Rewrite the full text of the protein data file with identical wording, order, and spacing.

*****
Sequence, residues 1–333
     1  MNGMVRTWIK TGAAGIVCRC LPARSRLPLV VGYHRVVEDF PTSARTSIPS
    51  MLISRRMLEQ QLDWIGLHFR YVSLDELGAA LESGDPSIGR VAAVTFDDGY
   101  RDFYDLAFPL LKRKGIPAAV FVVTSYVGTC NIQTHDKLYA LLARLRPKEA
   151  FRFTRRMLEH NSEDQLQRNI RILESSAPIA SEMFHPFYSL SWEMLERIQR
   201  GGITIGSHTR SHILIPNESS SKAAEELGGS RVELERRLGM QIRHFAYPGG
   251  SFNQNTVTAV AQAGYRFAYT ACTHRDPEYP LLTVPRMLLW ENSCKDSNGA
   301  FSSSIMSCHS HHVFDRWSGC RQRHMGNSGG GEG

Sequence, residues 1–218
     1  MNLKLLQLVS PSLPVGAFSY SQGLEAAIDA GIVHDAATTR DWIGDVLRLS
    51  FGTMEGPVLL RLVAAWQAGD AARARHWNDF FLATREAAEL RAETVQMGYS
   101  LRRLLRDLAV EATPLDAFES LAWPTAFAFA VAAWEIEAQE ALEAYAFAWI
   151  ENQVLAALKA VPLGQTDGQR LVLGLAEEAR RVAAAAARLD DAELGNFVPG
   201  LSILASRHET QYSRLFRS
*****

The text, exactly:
Sequence, residues 1–333
     1  MNGMVRTWIK TGAAGIVCRC LPARSRLPLV VGYHRVVEDF PTSARTSIPS
    51  MLISRRMLEQ QLDWIGLHFR YVSLDELGAA LESGDPSIGR VAAVTFDDGY
   101  RDFYDLAFPL LKRKGIPAAV FVVTSYVGTC NIQTHDKLYA LLARLRPKEA
   151  FRFTRRMLEH NSEDQLQRNI RILESSAPIA SEMFHPFYSL SWEMLERIQR
   201  GGITIGSHTR SHILIPNESS SKAAEELGGS RVELERRLGM QIRHFAYPGG
   251  SFNQNTVTAV AQAGYRFAYT ACTHRDPEYP LLTVPRMLLW ENSCKDSNGA
   301  FSSSIMSCHS HHVFDRWSGC RQRHMGNSGG GEG

Sequence, residues 1–218
     1  MNLKLLQLVS PSLPVGAFSY SQGLEAAIDA GIVHDAATTR DWIGDVLRLS
    51  FGTMEGPVLL RLVAAWQAGD AARARHWNDF FLATREAAEL RAETVQMGYS
   101  LRRLLRDLAV EATPLDAFES LAWPTAFAFA VAAWEIEAQE ALEAYAFAWI
   151  ENQVLAALKA VPLGQTDGQR LVLGLAEEAR RVAAAAARLD DAELGNFVPG
   201  LSILASRHET QYSRLFRS